During the last year the political landscape in the Middle East has shown some signs of change. Algeria, Libya, and Egypt were able to rid themselves of their despotic rulers. I would argue that the resistance groups waited, like a pack of wild dogs, for the leaders to be old, sick, and weak enough to take down. Conversely, Iran was able to quickly and not so quietly put down its own uprising with some people finding the government violence on social media. This is also being replayed in Syria. For six months now the Assad regime has been slaughtering its own citizens.
Since that started the world has seen the UN repeatedly call the slaughter an abominable and criminal act. The US and the EU have tried to have new sanctions levied against Assad only to be stymied by Russia and China on the UNSC.
Why has Russia stated that it will not support sanctions? Russia has invested billions of dollars in Syria, Russian investments in Syria in 2009 were valued at $19.4 billion, mainly in arms deals, infrastructure development, energy, and tourism. Russian exports to Syria in 2010 totaled $1.1 billion, Russia is also reported to have invested heavily in the strategic naval facility in Tartous; investments and work that could all be jeopardized if the Assad regime is overthrown or the country descends into violent chaos. As it is, Moscow, which has criticized the NATO-led intervention in Libya, is waiting to see if the new authorities in Tripoli will honor some $10 billion worth of business deals reached with the Qaddafi regime.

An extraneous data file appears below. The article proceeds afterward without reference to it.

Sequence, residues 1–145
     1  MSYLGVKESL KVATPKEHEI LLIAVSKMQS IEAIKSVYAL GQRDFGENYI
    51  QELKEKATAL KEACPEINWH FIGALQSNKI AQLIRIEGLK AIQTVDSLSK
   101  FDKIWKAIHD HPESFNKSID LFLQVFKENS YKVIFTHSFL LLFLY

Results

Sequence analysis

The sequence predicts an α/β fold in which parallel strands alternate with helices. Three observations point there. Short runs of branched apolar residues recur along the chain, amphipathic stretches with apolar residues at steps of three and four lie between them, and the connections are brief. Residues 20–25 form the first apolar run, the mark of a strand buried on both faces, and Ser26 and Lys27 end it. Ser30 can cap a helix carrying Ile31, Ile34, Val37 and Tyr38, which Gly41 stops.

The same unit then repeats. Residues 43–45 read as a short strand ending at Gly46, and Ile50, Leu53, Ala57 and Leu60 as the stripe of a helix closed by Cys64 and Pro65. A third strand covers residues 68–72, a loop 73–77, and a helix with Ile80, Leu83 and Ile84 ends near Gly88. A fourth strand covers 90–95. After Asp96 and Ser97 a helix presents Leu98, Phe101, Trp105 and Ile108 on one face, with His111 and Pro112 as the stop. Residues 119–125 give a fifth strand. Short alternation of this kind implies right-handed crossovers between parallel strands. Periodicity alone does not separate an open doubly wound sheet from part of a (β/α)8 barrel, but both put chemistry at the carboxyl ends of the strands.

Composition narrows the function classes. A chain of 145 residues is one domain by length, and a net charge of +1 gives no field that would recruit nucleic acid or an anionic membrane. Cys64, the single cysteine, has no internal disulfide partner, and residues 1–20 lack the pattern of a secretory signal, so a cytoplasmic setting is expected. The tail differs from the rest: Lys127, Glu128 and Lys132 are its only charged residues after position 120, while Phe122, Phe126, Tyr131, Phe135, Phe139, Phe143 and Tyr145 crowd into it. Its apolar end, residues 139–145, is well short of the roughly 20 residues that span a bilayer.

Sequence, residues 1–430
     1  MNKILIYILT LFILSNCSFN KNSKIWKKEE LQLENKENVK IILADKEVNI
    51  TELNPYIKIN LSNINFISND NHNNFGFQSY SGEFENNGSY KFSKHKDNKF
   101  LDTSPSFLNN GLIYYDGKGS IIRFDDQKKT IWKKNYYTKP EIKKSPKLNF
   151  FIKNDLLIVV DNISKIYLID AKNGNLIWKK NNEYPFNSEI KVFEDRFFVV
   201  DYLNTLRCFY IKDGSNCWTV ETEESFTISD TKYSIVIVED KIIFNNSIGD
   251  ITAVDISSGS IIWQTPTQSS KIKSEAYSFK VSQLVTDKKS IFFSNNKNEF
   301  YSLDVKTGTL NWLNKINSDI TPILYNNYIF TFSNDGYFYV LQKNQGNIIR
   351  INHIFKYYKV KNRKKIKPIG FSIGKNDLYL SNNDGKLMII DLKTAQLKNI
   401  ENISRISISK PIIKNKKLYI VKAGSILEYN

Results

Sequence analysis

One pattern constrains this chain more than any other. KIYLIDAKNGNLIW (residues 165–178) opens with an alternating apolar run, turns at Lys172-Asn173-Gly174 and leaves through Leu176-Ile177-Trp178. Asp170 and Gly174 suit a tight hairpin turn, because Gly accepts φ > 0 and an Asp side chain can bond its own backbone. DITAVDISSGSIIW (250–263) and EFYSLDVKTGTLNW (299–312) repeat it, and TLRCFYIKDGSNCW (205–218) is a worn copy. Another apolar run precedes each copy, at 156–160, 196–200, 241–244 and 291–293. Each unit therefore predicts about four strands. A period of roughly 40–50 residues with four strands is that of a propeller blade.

Let’s also recall the fact that Russia lost the Cold War. Moscow enjoyed wide authority in the region in the Soviet era and has watched with increasing alarm as Western pressure and a public frustration helped push veteran regional leaders from power as reported in Soviet newspapers.
Meanwhile, in trying to encourage the discourse and further talks, as required by Russia, the US diplomatic envoy is attacked, again, by regime loyalists (read as active supporters of terrorism attacking a legal and diplomatic representative of the United States).
The call for regime change is coming. This is the path which I described in earlier writings where the slaughter has to get to a level of visibility which requires the Arab League and/or OIC to say that something must be done. The UN will eventually be allowed to make that call and, when it does, you will all see Obama rushing in with boots on the ground. Such a good little lap dog for that mechanism, if only he would learn when not to bark, this would go much quieter for the OIC and Arab League. Until that call goes out, Obama gets to strategically and tactically avoid Iran, Russia, and the bad press that would inevitably come.